Indie rock music has had a longstanding fascination with the war, and particularly the World Wars.  This trend that is no small part due to the influence of Joy Division, the achingly cool and much lauded band who took their name from the prostitution wing of a Nazi concentration camp mentioned in the 1955 novel House of Dolls by Ka-tzetnik 135633.  The influence of war and the grim House of Dolls on the band can be seen on songs such as No Love Lost, from their An Ideal For Living EP (1978), which takes its spoken word section directly from the novel.

Move forward almost thirty years and a band who had obviously studied History at GCSE was GoodBooks, who penned the song Passchendaele for their 2007 debut album, Control.  Maybe it is mere coincidence that the name of GoodBooks’ album shares its name with Anton Corbijn’s film about the life of Joy Division singer Ian Curtis, released in the same year.  GoodBooks continue the World War referencing trend started by Joy Division in the late 1970’s but this time, whilst with the title Passchendaele, you may expect the song to be set in the First World War, the song actually spans both World Wars and every war that Britain has fought “the cause” in since.  Despite the links that could be forged with Joy Division, Passchendaele is perhaps more akin to Jona Lewie’s anti-war behemoth Stop the Cavalry (1980), complete with lines such as “He smoked German cigarettes on Christmas day”.  GoodBooks’ Passchendaele is perhaps the Noughties indie rock equivalent of Lewie’s pop classic.

The Battle of Passchendaele, also known as the Third Battle of Ypres, was a campaign of the First World War fought by the Allies against the German Empire.  The battle took place on the Western Front between July and November 1917 for the control of the ridges south and east of the Belgian city of Ypres in West Flanders, as part of a strategy decided by the allies at conferences in November 1916 and May 1917.  Passchendaele lay on the last ridge east of Ypres, 5 miles from the railway junction at Roulers, which was vital to the supply system of the German 4th Army.  The battle is known for its horrific bloodshed, with 325,000 Allied and 260,000 German casualties, and is one of the most talked about battles of the First World War.

In GoodBooks’ Passchendaele, the band tell the story of a First World War soldier named Jack who was “born towards the end of the 19th century”.  The song continues to tell how Jack, “married his sweetheart at the age of 23” but “Shortly before the birth of their first child, He answered the call of duty”.  And most importantly, how “he never made it past 25, he died at Passchendaele”.

The strength of Passchendaele, much like Stop the Cavalry is the plainness in which the tale is told.  Singer Max Cooke delivers the song in an almost monotone and very English manner which is also akin to the way in which Jona Lewie delivered his war story, complimented by lines such as “He carried English bayonets in an English way”.  Cooke gently tells of how the young soldier, with his wife (his “Mary Bradley” if you will) and child waiting for him at home, fights “In the war to end all wars” and loses his life in the process.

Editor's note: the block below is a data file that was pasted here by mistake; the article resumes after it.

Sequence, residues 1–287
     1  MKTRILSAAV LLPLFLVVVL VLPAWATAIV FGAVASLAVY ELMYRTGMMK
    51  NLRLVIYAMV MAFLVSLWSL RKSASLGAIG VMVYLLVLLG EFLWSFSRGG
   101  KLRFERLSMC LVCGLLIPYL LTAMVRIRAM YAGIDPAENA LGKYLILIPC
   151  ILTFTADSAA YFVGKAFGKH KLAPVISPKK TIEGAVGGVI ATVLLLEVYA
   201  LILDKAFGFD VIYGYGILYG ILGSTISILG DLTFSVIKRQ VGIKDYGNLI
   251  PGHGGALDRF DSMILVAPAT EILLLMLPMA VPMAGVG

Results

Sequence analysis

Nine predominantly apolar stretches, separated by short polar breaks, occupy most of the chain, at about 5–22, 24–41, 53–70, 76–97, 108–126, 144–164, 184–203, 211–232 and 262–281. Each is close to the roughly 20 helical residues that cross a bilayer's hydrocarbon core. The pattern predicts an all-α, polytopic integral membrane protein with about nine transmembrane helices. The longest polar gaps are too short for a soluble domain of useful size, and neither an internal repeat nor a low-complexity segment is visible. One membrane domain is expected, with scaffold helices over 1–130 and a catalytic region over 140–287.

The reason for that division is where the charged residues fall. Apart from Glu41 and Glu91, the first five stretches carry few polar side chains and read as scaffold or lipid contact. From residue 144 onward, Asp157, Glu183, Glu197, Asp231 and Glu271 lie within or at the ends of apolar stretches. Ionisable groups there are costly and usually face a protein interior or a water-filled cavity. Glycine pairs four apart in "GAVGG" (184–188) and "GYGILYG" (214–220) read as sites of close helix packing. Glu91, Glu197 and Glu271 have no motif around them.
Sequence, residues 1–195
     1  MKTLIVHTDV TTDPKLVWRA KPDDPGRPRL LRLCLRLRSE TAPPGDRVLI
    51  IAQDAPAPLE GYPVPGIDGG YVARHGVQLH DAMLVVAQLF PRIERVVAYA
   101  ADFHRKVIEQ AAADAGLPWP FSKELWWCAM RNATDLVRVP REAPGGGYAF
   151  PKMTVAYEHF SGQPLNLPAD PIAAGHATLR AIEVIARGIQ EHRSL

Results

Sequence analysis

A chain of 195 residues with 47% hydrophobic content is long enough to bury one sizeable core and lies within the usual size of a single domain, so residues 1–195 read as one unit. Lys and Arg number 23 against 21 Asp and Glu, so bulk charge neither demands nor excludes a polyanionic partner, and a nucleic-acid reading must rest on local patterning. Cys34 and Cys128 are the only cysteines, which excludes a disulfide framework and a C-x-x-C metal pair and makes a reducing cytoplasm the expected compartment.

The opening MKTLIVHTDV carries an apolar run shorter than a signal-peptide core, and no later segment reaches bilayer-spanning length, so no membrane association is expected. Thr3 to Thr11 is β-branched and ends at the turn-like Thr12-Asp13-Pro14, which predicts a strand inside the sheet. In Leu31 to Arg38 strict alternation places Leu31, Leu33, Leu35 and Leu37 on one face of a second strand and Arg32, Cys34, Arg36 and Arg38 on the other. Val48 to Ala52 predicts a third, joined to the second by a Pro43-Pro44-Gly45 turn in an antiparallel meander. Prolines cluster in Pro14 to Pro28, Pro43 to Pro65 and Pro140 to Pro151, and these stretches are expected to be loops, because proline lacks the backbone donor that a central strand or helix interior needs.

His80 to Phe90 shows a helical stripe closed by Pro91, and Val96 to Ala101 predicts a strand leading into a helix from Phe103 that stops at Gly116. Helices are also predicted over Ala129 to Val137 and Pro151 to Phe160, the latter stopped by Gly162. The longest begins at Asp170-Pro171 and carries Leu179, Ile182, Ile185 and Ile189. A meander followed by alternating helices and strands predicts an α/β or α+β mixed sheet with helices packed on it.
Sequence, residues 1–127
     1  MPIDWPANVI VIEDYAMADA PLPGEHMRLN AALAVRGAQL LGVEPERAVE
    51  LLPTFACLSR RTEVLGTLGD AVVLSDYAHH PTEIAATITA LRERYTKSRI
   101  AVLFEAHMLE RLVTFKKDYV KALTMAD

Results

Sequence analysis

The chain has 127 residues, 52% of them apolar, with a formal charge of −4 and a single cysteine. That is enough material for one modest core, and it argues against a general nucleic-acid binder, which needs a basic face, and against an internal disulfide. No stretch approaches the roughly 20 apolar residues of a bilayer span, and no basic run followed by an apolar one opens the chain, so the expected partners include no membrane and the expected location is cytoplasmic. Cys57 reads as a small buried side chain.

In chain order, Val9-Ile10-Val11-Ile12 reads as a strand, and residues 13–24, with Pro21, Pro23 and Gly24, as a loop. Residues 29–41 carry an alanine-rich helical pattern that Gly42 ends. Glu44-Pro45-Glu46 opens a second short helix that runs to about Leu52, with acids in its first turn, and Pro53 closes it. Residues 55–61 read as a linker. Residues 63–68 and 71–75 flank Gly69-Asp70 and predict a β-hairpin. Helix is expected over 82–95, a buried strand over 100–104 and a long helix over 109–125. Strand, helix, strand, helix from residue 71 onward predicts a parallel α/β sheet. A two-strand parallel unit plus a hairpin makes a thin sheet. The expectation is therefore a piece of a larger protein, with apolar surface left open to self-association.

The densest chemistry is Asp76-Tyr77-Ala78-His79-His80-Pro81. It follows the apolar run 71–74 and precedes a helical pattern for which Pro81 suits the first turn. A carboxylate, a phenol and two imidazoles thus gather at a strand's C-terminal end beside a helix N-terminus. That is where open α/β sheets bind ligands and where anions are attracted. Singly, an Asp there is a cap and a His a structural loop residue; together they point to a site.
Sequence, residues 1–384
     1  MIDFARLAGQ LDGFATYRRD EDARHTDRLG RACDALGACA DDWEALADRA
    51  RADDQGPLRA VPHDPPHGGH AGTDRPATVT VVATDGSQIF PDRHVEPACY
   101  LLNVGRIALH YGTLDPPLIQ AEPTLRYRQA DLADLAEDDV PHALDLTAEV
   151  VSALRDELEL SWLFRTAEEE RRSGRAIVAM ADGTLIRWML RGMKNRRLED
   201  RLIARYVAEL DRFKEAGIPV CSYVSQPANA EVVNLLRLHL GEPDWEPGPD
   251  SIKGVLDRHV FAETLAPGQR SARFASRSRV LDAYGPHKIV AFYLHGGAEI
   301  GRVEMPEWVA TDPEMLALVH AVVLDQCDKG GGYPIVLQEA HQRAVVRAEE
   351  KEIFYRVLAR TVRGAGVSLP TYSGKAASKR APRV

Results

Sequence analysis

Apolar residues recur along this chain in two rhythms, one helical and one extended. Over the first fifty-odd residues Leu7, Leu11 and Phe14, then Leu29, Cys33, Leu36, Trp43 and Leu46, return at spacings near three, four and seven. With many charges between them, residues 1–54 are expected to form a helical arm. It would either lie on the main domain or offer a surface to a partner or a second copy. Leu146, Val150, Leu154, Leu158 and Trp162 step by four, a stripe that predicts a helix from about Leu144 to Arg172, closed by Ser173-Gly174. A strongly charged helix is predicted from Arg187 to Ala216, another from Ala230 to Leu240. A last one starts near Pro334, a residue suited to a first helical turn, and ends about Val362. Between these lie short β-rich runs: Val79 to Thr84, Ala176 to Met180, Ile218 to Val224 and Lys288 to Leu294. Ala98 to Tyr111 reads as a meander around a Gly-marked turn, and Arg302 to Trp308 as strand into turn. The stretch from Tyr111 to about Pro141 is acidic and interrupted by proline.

The song goes on to tell of the war’s influence on the dead soldier’s family, moving forward to the Second World War where “His son fell from a Spitfire in 1944” after following in his father’s footsteps.  In the same verse, we begin to see the anti-war element of Passchendaele, with lines such as “Well, Daddy, what did you do in the Great War?  And what did we learn the second time around?  Never again …”

Passchendaele is a song about the futility of war and effects of its seemingly endless cycle:  The First World War was supposed to be, as stated in the song’s chorus, “the war to end all wars”, yet two decades later, Britain would be involved in yet another World War and “still we keep on fighting”.

GoodBooks’ Passchendaele may have had less of a chart impact than Stop the Cavalry, and it will almost definitely never be seen to be as ‘cool’ as Joy Division’s No Love Lost, but what Goodbooks do achieve on Passchendaele is to place such an horrific scene of bloodshed to an upbeat pop backing which will keep you humming all day long.  One can only dream of how different the career of Goodbooks, who split in 2009, would have been if their war song’s success had matched that of Stop the Cavalry’s or if they had gained the same ‘cool’ status as Joy Division.  And it would have been deserved too because Passchendaele is arguably GoodBooks’ finest moment.

Song of the Day: Crime in Music (Day Five): “Lord Lucan is Missing”

Richard John Bingham, 7th Earl of Lucan, more commonly known as Lord Lucan was a British peer suspected of murder, who disappeared without a trace on the 8th November 1974.  Lucan was born into an Anglo-Irish aristocratic family in Marylebone.  His great-great-grandfather was the 3rd Earl of Lucan, who ordered the Charge of the Light Brigade.  He attended Eton and later served with the Coldstream Guards in West Germany between 1953 and 1955.  He developed a taste for gambling and, skilled at backgammon and bridge, became an early member of the Clermont Club.  Despite the fact his losses often exceeded his winnings, he left his job at a London-based merchant bank and became a professional gambler.  He was known by the title Lord Bingham between April 1949 and January 1964, when his father died and he became the 7th Earl of Lucan.